Denver International (DEN) has entered the final phase of its Great Hall Project, which will increase the capacity of the airport’s Jeppesen Terminal to 100 million annual passengers by adding a new security checkpoint and additional check-in areas, at a cost of US$1.3bn.
The new security checkpoint will be located on the northeast side of Level 6 and is intended to improve safety for passengers. With the completion of this second checkpoint, both the checkpoints on Level 5 will be relocated to Level 6. This will enable DEN to add more screening lanes, increasing capacity by more than 60%.
The additional check-in areas will be built on the south end of Level 6 for all remaining airlines, not just United, Southwest and Frontier. These modular spaces will provide greater flexibility for airline expansion and other changing needs in the future. The project will also include renovation of restrooms and replacement of flooring, lighting, elevators and escalators. These improvements are expected to save DEN approximately US$200-250m in maintenance costs over 10 years. Alongside these updated passenger facilities, meet-and-greet spaces for domestic and international passengers will open on Level 5.
To help build a future skilled workforce for the airport, DEN is also creating its Center of Excellence and Equity on Level 4 of the Westin Denver International Airport hotel. The center will focus on educating and providing opportunities for young people who are interested in and passionate about careers in aviation as well as engaging students who are under-represented in the industry.
The proposed budget for the Great Hall Completion including contingency and the capacity for DEN to meet all the Terminal’s needs is US$1.3bn and will not be funded with taxpayer dollars, but rather by revenue generated at the airport. The proposed Great Hall Completion plan must first get approved by Denver City Council. If this phase is approved by Denver City Council in January, the Great Hall Completion would begin work in late 2022 and is expected to be complete between spring 2027 and summer 2028, with sections opening along the way. The airport has confirmed that a more definitive timeline will be determined once the design stage is complete.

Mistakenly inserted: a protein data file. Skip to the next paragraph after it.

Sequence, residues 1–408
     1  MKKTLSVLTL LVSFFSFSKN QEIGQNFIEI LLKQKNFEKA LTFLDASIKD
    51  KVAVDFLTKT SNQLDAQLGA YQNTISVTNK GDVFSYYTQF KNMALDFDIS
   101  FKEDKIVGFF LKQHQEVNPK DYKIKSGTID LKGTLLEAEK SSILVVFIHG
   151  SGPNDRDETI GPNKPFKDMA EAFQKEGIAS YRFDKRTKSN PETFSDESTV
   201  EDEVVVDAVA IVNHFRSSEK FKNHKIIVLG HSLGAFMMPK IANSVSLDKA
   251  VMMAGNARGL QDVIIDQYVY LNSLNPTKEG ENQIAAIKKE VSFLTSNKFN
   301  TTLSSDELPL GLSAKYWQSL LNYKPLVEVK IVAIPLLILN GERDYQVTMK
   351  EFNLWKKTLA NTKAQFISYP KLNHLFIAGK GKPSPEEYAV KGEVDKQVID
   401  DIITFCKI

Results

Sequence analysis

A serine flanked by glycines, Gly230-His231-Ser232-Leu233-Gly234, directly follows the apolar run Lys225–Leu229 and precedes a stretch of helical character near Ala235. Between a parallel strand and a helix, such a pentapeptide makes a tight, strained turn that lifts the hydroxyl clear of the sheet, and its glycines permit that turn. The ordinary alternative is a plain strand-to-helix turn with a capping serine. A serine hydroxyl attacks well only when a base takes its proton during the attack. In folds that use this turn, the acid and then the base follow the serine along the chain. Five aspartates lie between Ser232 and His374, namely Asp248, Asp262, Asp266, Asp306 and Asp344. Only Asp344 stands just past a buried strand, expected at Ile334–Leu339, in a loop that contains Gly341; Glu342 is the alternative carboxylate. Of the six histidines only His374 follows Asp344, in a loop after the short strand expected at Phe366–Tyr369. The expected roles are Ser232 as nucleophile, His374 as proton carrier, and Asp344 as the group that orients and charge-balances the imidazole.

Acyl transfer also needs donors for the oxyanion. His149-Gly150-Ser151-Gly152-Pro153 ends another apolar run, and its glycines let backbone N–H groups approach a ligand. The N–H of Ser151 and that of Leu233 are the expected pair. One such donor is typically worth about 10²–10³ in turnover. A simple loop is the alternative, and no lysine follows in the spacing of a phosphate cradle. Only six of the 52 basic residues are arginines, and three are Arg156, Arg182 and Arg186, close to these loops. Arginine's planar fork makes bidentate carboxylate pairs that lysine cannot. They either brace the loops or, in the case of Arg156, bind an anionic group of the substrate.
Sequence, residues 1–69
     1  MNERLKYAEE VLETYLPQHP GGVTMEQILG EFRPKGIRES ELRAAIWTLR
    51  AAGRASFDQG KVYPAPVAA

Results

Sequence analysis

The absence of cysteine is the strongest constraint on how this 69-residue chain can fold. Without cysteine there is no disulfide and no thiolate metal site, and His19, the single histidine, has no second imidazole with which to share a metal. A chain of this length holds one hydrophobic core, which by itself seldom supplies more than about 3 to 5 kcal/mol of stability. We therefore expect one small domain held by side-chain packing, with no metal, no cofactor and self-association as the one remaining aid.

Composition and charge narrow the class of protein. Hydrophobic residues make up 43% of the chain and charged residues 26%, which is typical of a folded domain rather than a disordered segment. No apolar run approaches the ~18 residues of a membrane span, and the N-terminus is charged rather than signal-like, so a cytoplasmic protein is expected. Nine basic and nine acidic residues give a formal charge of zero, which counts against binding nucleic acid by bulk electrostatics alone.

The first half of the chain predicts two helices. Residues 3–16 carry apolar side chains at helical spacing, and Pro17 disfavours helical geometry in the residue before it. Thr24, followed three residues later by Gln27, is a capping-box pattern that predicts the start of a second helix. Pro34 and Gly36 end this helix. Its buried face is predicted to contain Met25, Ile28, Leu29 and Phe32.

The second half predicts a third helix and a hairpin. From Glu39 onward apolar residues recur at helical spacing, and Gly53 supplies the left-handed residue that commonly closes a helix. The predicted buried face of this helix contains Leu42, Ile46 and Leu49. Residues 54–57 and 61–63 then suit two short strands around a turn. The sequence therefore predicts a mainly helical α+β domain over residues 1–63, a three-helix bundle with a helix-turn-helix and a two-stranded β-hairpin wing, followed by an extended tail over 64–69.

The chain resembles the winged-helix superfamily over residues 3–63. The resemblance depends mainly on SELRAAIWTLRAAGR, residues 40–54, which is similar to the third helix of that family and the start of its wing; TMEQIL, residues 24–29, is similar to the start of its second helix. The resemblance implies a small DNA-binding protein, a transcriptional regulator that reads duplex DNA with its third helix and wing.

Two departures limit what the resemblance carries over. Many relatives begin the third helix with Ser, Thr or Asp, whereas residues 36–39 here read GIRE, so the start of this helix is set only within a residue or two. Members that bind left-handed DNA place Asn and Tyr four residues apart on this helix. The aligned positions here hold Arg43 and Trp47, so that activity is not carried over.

The announcement of this phase comes on the heels of the completion of Phase 1, which constructed new ticketing/check-in spaces with self-bag-drop units for United and Southwest passengers in the center of terminal. Currently, Phase 2 of the Great Hall Project is under construction and will be complete by mid-2024, with the checkpoint completed in the first quarter of 2024. Hensel Phelps is the contractor for Phase 1 and 2 and would be the contractor for the Great Hall Completion under this proposal. The first two phases will be completed within the US$770m budget that was established at the start of the current Great Hall construction work.
These additional improvements to the Jeppesen Terminal are projected to create 6,500 direct jobs, 500 indirect jobs, 1,300 induced jobs and 54,000 additional apprenticeship hours. Additionally, the community will be offered training and job opportunities once the project is complete, and when DEN’s Center of Excellence and Equity in Aviation opens.
Phil Washington, CEO of DEN, said, “Fully building out the Great Hall Project now is the responsible thing to do and is crucial to DEN’s future success. It is essential that we continue the work we have started to better protect our passengers, upgrade our aging facility and prepare it for the future. We are recovering quickly, and our growth will continue to be robust over the next 10 to 20 years. Time is of the essence and these improvements must happen now before it’s even more expensive and disruptive to passengers.”
“We have made a number of changes from what was proposed when the Great Hall Project was originally conceived,” added Washington. “While there is still a need to provide food and services for travelers, no one should mistake this as being a shopping mall. This project is about making sure DEN is ready for 100 million annual passengers. We cannot afford to fall behind and we owe it to our community to do the right thing for this airport.
“I understand that additional years of construction isn’t what many want to hear, but the most difficult work is behind us. This last phase of construction will be less impactful than the previous phase of construction in the center and we will open sections along the way as work is completed. We will do everything possible to make this a better experience for travelers.”